Medical Physics for World Benefit (Jacob Van Dyk, The University of Western Ontario, and MPWB)

There is increased recognition for the growing need of Medical Physicists in low-to-middle income countries LMICs). Unfortunately, there are very limited education and training resources in LMICs, especially where there are no existing radiation therapy and very limited diagnostic imaging capabilities. Sending physicists abroad from LMICs to high income countries (HICs) for education and training has various limitations. Furthermore, continuing medical physics education (CMPE) opportunities are unaffordable and/or not available locally. One of the partial solutions in support of training and education is to partner with international organizations. Organizations like the AAPM and ESTRO are great at providing short courses, especially as refresher or CMPE courses. However, these tend to be short term and there are only a limited number available. The IAEA also provides support for short courses. In addition, they provide fellowships for longer courses or training programs including Master’s degree support. However, the IAEA is also limited in its resources and further support needs to be provided from other partners. One of those partners is Medical Physics for World Benefit (MPWB). Its mission is to support activities which will yield effective and safe use of physics and technologies in medicine through advising, training, demonstrating and/or participating in medical physics-related activities, especially in LMICs. Operationally, its emphasis is on “partnering� with the goal of having individuals and/or educational or healthcare institutions in both LMICs and HICs work together to meet well-defined needs. Practically, it also seeks to work collaboratively with other organizations wishing to provide similar support including, but not limited to, Physicien Médical Sans Frontières (PMSF), the International Atomic Energy Agency (IAEA), the Canadian Organization of Medical Physicists (COMP), the American Association of Medical Physicists (AAPM), and the IOMP. Various projects are in progress, most of which relate to training and mentoring. One example project that is in progress is the development of an Open Syllabus for Medical Physics Residents. This project seeks to link the detailed list of topics in the IAEA Clinical Training documents to the best on-line materials available. The Open Syllabus will be posted on the MPWB website and made available to any training program around the globe. MPWB is a membership-driven organization for individuals who have a passion for reducing global health disparities, especially as related to medical physics. Its vision, mission and values are summarized on its website ( along with links to newsletters and other relevant activities.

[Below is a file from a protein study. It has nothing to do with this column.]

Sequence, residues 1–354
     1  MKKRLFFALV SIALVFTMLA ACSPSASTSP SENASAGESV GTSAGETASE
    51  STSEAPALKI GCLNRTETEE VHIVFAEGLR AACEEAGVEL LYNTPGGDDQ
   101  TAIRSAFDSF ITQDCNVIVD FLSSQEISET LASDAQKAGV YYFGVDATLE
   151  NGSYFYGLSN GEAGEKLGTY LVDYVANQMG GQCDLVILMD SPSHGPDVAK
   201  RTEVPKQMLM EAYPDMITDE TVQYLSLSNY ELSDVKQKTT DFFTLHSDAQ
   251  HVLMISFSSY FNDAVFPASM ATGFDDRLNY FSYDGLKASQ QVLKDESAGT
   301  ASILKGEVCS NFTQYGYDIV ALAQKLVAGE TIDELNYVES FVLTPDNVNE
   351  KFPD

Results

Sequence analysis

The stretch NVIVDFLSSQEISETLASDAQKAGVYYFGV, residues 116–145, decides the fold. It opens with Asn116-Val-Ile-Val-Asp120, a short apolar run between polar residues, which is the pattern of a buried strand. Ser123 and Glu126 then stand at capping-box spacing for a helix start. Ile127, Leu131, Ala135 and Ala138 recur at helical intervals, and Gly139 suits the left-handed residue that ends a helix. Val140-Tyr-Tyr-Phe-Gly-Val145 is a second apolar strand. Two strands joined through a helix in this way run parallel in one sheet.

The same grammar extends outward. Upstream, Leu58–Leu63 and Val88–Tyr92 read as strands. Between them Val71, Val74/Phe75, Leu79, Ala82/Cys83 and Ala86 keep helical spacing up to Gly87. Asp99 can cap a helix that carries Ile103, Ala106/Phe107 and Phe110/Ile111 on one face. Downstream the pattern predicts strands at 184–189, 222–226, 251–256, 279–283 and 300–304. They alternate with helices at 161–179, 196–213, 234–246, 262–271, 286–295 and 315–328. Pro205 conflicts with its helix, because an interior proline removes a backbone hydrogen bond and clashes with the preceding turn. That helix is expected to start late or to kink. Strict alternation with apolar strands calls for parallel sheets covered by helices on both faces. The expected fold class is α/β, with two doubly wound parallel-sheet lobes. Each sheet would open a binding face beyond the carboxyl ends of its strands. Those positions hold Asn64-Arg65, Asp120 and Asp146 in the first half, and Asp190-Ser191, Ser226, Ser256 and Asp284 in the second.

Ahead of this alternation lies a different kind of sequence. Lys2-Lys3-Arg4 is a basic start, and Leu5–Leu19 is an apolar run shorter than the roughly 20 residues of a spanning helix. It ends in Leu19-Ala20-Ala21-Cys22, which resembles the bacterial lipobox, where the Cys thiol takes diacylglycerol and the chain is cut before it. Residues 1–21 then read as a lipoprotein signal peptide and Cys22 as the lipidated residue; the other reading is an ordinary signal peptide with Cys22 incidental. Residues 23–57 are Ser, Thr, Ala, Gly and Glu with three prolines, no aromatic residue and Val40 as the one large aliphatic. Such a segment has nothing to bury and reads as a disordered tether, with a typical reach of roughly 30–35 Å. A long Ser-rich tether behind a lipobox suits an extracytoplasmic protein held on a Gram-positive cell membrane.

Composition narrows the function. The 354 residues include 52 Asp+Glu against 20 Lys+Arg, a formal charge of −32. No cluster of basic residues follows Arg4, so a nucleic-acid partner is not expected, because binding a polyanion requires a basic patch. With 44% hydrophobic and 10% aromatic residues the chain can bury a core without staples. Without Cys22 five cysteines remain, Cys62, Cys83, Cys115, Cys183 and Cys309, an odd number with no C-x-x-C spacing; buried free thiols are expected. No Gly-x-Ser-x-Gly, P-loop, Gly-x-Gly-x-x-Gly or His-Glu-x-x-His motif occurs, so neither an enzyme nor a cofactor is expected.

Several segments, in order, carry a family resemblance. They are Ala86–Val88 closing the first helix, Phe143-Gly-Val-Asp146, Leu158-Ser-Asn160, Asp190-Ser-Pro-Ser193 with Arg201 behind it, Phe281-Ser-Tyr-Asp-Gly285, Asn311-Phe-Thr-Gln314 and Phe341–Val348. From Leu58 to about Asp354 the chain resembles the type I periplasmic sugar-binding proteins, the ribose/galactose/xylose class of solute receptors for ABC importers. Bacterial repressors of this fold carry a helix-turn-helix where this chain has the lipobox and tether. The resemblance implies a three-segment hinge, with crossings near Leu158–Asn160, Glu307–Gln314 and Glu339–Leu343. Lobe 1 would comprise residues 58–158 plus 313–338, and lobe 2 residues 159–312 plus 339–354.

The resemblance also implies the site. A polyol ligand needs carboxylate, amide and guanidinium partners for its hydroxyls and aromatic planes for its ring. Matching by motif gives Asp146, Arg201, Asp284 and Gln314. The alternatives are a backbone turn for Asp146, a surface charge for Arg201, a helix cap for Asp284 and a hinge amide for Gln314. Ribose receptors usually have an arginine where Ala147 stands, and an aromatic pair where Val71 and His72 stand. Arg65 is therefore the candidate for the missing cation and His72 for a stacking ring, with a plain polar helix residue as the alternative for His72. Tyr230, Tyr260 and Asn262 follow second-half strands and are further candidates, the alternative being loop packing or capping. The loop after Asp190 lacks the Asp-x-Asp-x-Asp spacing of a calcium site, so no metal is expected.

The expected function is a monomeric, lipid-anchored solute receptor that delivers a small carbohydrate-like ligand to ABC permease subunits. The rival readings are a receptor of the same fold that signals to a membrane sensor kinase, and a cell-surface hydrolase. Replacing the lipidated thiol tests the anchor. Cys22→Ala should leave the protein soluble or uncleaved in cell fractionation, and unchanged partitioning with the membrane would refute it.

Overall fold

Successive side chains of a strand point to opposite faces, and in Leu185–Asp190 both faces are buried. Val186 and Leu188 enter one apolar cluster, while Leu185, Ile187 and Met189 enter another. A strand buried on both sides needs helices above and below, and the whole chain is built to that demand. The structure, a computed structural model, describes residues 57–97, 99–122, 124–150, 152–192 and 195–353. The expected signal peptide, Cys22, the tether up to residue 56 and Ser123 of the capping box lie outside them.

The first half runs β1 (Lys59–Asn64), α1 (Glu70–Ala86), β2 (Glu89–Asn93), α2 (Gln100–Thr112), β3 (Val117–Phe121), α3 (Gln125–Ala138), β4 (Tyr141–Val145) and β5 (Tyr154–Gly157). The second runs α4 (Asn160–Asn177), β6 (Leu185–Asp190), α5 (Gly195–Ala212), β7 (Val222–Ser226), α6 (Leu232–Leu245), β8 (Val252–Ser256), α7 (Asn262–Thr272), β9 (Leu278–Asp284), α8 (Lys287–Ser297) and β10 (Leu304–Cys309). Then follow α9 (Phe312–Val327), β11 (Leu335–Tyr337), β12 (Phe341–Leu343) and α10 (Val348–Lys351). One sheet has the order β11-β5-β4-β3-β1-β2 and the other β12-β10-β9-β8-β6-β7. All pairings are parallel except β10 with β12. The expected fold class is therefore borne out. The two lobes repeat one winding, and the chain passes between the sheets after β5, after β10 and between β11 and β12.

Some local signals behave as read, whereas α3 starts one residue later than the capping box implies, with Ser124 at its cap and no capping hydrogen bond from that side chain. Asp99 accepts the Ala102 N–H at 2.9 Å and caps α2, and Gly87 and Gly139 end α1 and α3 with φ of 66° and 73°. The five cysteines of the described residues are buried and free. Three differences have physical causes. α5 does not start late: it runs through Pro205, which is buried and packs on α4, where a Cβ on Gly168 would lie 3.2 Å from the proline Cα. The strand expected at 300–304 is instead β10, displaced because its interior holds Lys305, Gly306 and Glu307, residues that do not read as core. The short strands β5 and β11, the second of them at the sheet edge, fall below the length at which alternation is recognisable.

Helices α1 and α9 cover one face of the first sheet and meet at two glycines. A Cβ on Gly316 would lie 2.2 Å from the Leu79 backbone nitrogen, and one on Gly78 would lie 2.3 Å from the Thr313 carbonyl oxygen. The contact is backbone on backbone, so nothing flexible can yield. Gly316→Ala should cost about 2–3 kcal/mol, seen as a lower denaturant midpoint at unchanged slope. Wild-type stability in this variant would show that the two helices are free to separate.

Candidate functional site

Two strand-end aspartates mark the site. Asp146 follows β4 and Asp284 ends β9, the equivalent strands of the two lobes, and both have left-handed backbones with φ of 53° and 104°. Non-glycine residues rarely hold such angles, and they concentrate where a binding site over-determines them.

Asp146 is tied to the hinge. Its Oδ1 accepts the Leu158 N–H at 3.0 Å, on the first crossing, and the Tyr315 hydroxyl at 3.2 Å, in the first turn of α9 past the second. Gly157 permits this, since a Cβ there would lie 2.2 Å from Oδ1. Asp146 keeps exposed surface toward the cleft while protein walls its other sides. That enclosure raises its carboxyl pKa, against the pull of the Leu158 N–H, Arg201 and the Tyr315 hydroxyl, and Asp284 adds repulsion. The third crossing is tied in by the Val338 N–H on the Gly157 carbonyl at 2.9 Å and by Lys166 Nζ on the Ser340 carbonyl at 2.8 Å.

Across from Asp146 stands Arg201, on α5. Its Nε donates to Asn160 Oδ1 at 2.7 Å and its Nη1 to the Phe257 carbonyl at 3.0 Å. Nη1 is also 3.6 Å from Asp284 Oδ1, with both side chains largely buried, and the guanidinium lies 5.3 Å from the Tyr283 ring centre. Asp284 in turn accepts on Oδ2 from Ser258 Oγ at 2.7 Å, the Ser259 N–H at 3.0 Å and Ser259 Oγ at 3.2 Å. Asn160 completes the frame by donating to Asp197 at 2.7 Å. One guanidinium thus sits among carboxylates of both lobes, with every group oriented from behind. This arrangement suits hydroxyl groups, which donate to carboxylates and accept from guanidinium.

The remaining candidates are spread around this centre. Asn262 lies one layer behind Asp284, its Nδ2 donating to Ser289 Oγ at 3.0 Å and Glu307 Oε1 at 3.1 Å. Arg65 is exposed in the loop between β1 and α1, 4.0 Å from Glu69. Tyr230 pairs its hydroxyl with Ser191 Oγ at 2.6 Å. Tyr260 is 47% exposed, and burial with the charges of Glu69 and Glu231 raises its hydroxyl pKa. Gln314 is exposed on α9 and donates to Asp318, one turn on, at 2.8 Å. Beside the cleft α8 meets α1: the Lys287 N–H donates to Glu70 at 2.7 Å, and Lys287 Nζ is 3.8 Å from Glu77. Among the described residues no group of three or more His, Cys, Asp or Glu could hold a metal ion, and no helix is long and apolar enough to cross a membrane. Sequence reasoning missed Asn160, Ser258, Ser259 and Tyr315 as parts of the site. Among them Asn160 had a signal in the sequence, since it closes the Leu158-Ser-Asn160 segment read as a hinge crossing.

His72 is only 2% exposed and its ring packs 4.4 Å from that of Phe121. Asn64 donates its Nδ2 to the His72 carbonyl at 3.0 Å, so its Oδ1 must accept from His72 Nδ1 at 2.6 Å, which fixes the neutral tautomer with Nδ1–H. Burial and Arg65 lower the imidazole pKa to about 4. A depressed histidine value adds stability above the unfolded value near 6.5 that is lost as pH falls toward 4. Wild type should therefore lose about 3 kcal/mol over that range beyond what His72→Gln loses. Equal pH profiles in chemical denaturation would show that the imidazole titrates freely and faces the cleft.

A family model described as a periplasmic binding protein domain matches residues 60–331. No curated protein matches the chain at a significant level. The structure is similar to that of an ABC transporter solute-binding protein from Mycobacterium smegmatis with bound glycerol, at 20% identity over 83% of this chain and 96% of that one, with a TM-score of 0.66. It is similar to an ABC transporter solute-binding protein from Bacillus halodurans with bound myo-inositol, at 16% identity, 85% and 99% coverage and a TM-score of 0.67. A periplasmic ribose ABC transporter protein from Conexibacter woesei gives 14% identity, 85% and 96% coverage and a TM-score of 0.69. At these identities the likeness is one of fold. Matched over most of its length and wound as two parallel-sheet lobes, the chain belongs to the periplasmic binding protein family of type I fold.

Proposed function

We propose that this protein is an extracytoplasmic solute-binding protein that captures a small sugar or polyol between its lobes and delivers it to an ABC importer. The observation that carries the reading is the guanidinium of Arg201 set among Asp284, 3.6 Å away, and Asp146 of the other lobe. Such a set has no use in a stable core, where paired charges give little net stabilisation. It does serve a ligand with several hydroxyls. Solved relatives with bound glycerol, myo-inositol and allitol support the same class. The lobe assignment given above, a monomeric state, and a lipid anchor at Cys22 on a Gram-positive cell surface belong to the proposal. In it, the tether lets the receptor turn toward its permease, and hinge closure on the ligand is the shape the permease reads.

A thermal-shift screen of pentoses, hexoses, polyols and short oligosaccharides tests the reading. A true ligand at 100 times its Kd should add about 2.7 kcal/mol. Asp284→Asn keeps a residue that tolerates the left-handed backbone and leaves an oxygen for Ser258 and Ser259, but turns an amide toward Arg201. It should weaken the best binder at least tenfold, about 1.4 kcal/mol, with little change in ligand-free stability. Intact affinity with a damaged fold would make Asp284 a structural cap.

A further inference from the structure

Productive research collaborations with global partners to address challenges in low-resource clinics (Laurence Court and Kelly Kisling, MD Anderson Cancer Center)